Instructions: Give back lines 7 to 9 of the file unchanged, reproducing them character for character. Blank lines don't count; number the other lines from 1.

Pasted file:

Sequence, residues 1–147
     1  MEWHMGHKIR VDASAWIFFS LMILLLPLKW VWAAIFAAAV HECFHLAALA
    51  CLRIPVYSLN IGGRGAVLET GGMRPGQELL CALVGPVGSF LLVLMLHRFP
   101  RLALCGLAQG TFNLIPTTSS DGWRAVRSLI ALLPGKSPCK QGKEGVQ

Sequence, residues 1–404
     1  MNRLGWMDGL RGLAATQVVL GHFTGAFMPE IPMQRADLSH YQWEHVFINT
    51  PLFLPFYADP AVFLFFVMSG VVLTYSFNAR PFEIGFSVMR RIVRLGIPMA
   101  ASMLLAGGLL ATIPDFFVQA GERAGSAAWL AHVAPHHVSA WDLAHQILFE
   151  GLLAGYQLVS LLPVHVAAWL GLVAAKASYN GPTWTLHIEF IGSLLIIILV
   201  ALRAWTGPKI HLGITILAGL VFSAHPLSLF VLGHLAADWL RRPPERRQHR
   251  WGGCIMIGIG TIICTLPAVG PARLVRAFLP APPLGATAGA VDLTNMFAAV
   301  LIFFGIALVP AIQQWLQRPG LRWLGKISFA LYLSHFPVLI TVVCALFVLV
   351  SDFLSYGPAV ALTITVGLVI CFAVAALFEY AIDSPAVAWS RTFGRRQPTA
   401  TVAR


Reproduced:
    51  PLFLPFYADP AVFLFFVMSG VVLTYSFNAR PFEIGFSVMR RIVRLGIPMA
   101  ASMLLAGGLL ATIPDFFVQA GERAGSAAWL AHVAPHHVSA WDLAHQILFE
   151  GLLAGYQLVS LLPVHVAAWL GLVAAKASYN GPTWTLHIEF IGSLLIIILV